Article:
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Education Secretary Talks School Lunches

October 10, 2012, 6:12 PM by Casey Wonnenberg

Education Secretary Talks School Lunches

From not getting enough to eat to more school food waste, the South Dakota Secretary of Education says she's heard a lot of concerns about the new federal school lunch guidelines.

Tyler Anderson keeps an extra stash of healthy snacks with him at school because he says the new school lunches don't fill him up, especially when he's involved in sports.

"You need more food if you want to have the energy to be able to run," Anderson said.

The Brandon Valley Senior says many students don't like some of the healthier foods, but are still forced to take them.

"Kids just don't want it. They say, 'I'm a drone. I'll take it.' It goes right there," Anderson said.

With kids throwing more food in the trash and some kids saying they're simply not getting enough to eat, the South Dakota Secretary of Education says for the first time she's getting calls and emails about school lunches.

Now, some of the entrepreneurial things that are happening in school districts are kids are now selling food and making money and doing things on the side.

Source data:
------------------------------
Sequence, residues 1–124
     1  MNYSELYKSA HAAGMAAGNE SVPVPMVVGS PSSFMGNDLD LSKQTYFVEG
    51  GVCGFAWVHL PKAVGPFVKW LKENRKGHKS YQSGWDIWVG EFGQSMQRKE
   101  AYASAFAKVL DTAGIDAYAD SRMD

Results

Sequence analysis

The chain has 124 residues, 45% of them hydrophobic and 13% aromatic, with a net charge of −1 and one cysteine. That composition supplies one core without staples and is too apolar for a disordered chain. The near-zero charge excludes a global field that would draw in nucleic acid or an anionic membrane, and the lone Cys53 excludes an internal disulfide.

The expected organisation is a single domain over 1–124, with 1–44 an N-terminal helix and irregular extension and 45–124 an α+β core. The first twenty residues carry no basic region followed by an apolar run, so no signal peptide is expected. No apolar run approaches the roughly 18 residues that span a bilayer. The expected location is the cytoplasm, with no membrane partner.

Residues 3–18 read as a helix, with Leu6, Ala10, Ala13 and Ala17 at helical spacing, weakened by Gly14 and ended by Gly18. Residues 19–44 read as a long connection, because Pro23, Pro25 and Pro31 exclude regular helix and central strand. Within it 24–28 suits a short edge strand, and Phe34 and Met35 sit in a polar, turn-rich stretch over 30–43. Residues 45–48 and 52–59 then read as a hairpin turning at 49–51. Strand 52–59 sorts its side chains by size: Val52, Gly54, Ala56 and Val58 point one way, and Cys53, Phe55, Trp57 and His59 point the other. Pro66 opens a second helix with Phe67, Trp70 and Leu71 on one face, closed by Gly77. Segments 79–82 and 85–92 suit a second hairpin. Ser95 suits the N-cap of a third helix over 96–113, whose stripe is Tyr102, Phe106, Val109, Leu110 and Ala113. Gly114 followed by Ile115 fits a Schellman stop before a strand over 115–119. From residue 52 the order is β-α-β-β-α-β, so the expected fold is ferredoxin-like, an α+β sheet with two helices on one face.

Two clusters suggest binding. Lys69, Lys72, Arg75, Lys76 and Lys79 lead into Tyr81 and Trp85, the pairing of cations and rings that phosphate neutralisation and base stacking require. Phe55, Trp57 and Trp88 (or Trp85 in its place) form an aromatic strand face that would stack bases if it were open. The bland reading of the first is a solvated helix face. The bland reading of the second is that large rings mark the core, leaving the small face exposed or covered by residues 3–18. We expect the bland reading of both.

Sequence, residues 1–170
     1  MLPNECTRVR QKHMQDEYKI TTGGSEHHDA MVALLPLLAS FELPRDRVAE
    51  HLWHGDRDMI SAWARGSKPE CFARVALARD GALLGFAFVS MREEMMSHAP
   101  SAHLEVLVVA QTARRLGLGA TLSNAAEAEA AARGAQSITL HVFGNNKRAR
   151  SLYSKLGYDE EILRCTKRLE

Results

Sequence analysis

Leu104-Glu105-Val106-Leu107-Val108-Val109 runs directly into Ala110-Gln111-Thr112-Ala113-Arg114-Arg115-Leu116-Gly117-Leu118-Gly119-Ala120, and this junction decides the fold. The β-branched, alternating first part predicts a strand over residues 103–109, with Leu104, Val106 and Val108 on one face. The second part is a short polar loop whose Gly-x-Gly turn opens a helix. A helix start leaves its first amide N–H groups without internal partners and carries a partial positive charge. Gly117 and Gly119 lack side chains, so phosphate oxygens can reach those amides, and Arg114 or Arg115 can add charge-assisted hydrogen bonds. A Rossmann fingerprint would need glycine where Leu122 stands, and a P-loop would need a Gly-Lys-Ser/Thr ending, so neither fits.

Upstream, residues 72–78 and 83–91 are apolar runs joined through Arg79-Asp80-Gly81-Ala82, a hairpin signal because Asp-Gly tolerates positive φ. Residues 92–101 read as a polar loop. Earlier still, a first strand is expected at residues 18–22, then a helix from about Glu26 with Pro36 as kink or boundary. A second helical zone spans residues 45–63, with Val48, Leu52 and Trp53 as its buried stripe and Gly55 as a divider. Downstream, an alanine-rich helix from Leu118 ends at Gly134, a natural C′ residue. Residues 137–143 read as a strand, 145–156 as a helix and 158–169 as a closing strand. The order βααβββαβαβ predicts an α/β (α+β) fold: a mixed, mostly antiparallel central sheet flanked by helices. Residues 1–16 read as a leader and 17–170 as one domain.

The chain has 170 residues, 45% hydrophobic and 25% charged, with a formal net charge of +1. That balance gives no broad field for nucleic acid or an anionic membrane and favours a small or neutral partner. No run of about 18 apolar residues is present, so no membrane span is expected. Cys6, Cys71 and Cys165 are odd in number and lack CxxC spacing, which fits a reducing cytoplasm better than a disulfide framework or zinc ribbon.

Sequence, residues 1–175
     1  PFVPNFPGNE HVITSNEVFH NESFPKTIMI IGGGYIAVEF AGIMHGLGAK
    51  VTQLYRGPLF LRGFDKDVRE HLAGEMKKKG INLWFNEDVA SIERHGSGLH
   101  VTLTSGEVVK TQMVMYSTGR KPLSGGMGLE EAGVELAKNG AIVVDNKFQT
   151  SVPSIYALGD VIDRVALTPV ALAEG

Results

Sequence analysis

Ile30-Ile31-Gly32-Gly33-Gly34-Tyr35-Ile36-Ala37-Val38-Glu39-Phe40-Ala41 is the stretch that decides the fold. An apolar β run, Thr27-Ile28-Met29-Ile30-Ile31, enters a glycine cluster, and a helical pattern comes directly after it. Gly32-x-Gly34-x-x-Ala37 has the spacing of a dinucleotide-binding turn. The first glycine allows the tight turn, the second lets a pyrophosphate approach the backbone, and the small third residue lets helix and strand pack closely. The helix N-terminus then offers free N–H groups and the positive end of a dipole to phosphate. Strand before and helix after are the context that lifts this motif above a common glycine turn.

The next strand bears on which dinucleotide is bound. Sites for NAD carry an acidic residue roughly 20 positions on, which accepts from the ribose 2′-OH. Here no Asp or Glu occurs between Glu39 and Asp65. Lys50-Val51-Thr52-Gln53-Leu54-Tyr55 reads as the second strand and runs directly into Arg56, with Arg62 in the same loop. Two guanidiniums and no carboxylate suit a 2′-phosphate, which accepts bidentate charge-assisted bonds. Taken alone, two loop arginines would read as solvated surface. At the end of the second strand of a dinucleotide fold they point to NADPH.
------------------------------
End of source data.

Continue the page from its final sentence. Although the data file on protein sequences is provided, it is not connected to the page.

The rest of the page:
Schopp sat down with food service administrators and superintendents from several area school districts on Wednesday.

"The calorie count is not enough. It's not a one-size-fits-all. You have a 200 pound football player and a student who weighs 110. There's definitely a different need in the calorie count," Schopp said.

Schopp says she has heard positive feedback from some school districts though and she's still digging into the issue, but she wishes everyone would have had more time to prepare.

"The regulations came out very quickly over the summer, so they had already made some purchases and been working with vendors prior to when the final regulations came out," Schopp said.

"I think it's positive for us to be in the mindset of healthy eating, but as far as the implementation of the program, I don't think it's working as well as it could," Anderson said.

Schopp and school staff and administrators at Wednesday’s meeting also got the chance to talk with USDA officials on the phone.

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